College Students

Mental health problems can affect many areas of students’ lives, reducing their quality of life, academic achievement, physical health, and satisfaction with the college experience, and negatively impacting relationships with friends and family members.
Being a student can be stressful enough, but trying to juggle schoolwork and other responsibilities while experiencing mental illness can make it that much harder. But students can work through many challenges and still perform well in school.

Student Guide To Coping With Emotional Crisis

By: Kim Maertz, Ph.D., R. Psych. UHC-Student Counselling Services University of Alberta

This guide was specifically designed to help you, as a University student, cope with an emotional crisis which may occur as part of your university experience or as a part of the unpredictability of life. A crisis may be precipitated by any number of potential unforeseen events including a death in the family, a violent crime, an accident, a sexual assault, sexual abuse, a natural disaster, a suicide, or violence on campus, just to mention a few. Other less obvious situations may also be perceived as a crisis, depending on how they are interpreted by each person. Some examples here include the ending of an intimate relationship, receiving a very poor grade, losing a friendship, being asked to withdraw from university, parents divorcing, or the loss of a job.

Many circumstances and events can precipitate a crisis and it is one’s reaction, rather than the event itself, that defines it as a crisis. A crisis is created by an event which temporarily overwhelms our coping resources. During a crisis people tend to react in a number of ways. Some of the more typical responses to crisis include:

Emotional Responses:

  • Shock, denial or disbelief
  • Depression
  • Fear (for yourself or others)
  • Anxiety and worry
  • Anger or irritability
  • Hopelessness or helplessness
  • Guilt and shame
  • Loss of motivation
  • Grief
  • Numbness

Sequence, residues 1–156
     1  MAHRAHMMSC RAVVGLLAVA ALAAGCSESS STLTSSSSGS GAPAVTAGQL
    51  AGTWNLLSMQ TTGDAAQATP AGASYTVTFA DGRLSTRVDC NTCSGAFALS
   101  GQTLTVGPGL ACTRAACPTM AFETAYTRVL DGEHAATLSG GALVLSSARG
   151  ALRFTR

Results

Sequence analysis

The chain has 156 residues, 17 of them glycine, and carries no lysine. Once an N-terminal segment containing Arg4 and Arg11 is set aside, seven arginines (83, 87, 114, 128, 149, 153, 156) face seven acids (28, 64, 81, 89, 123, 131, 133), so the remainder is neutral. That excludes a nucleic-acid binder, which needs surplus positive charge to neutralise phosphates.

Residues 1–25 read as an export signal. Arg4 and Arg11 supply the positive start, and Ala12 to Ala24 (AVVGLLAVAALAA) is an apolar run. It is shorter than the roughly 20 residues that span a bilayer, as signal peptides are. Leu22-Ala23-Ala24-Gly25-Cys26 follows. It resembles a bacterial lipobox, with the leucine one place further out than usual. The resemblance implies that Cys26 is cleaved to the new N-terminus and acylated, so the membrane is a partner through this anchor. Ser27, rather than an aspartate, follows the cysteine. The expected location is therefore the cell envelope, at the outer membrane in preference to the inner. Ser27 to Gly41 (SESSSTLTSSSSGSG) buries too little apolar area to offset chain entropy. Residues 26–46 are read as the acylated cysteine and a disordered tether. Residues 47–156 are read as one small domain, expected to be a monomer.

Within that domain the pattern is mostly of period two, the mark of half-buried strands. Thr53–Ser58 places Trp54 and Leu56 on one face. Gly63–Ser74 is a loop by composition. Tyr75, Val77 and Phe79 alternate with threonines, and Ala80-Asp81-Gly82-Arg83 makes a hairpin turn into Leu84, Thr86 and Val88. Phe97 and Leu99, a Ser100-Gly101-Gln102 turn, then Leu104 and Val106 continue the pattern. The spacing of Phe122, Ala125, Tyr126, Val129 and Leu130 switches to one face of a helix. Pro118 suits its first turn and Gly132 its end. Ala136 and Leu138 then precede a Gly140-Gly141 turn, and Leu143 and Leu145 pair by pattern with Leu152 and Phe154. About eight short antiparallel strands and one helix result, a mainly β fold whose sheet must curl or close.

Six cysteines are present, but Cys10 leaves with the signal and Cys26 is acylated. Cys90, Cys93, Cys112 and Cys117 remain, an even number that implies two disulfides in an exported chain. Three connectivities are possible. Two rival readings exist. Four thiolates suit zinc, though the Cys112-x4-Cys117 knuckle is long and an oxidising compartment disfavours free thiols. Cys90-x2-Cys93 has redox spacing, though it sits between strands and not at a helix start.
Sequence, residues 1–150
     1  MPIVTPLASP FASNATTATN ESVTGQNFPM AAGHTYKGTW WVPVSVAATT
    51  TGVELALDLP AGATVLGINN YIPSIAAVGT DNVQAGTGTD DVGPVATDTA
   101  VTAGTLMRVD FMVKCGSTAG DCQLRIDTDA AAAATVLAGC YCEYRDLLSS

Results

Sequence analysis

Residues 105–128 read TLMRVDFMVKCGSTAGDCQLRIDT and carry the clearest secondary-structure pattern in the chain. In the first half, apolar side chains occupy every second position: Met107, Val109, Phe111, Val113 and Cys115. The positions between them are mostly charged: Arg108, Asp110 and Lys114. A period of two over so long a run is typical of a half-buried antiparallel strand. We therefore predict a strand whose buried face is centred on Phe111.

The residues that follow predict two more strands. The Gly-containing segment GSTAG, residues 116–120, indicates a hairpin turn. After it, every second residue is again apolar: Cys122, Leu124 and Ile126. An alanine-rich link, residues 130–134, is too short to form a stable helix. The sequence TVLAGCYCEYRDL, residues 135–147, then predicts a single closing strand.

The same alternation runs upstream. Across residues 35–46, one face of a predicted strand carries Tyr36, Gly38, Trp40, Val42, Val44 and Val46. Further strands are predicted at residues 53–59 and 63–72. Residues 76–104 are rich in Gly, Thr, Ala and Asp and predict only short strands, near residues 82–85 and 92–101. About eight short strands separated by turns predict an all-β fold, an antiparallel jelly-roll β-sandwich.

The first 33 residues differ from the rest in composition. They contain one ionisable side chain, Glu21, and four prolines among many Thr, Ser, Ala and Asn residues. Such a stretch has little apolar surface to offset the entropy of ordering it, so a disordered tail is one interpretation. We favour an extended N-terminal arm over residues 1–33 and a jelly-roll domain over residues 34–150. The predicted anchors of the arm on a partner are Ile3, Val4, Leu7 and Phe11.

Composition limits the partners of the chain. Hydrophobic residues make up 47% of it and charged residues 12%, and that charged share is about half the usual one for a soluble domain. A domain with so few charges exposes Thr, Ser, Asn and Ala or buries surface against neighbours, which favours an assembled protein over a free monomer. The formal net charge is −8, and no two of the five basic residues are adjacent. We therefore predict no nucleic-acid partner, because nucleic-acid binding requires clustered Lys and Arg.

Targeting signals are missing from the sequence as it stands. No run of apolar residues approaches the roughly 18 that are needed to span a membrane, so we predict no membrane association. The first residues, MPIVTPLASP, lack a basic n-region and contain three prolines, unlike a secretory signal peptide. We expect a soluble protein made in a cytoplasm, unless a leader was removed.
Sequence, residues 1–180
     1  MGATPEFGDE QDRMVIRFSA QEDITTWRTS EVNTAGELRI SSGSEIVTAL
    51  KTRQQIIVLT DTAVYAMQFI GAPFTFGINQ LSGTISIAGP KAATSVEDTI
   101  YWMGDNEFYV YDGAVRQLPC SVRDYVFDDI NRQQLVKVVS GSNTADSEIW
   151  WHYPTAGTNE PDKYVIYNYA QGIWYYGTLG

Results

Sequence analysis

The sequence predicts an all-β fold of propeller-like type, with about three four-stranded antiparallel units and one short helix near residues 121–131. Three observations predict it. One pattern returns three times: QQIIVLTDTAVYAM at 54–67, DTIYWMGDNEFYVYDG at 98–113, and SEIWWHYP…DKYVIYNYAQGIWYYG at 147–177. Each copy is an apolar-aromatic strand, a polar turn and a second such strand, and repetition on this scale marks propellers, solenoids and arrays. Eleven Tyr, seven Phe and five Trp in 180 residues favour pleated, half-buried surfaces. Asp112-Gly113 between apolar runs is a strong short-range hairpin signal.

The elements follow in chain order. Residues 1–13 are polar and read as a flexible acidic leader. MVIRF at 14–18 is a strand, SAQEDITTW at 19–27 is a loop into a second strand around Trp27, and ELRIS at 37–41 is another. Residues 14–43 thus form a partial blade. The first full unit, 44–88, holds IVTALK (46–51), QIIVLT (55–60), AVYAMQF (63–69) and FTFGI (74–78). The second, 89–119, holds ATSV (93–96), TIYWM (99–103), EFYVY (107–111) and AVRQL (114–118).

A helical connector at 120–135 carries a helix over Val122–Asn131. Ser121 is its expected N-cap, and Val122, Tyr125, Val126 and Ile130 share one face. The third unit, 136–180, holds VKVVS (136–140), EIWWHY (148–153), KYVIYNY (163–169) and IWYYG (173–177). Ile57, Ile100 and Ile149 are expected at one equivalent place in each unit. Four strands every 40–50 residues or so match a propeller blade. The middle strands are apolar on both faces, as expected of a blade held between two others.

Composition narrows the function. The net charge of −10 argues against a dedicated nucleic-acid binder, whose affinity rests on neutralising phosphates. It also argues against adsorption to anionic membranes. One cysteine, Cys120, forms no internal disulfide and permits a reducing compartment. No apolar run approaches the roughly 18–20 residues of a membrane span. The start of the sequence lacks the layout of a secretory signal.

Cognitive Responses:

  • Difficulties concentrating
  • Memory problems
  • Problems making decisions
  • Confusion
  • Self-doubt
  • Intrusive thoughts
  • Nightmares about the precipitating event
  • Flashbacks about the event

Physical Responses:

  • Stomach problems (i.e. nausea)
  • Headaches
  • Muscle tension
  • Rapid heart beat
  • Fatigue
  • Dizziness
  • Sweating or chills
  • Exaggerated startle response
  • Chest pain

Behavioral Responses:

  • Social withdrawal or isolation
  • Sleep disturbance
  • Increased use of alcohol or drugs
  • Aggressive or disruptive behavior
  • Rapid weight gain or loss
  • Deterioration of personal hygiene or dress
  • Inability to relax
  • Reduced sexual interest
  • Emotional outbursts (i.e., crying, giggling)

You do not need to have all of these indicators to be considered in crisis, but some of these from each category are anticipated. Being able to identify yourself as being in crisis is important so that you can make a good decision on how to best manage your response.

Continue Reading: Student Guide to Coping with Emotional Crisis

Students Returning to School After a Suicide Attempt

Students who have felt so helpless and hopeless to have made a suicide attempt have many challenges to face. The problems that led to their suicide attempt are still there, and now on top of that they have to deal with having been hospitalized for the attempt. Peers are not often kind to those who return to school following a psychiatric hospitalization. Although we are trying hard to reduce the stigma around mental illness, it is still a stigma for many who get admitted into a psychiatric hospital as opposed to a drug or alcohol rehab.

The school faculty and staff may also not know how to be supportive to the returning student. Many staff can be insensitive and say thoughtless things that other students may overhear in the office or hallways. Many staff hold outdated beliefs about mental health treatment which may not lead to the most positive climate for the student. Still other staff, who are knowledgeable about mental health issues and who themselves may have or know others in their own life with mental illness, may be the most compassionate.

How school staff can help:  Coming back to school after a traumatic absence is difficult for students, but returning after a suicide attempt is quiet challenging, especially if everyone knows. Try to give the student as much control as possible over the situation. Meet with the student before her return to school, plan together what she does and doesn’t want you to say and to whom. Practicing role playing so that she can try out different responses to different situations that may arise will help lower her anxiety. Teaching her to say, “I don’t want to talk about it” gives the student permission to be as private as she would like to be about the circumstances regarding her absence as needed.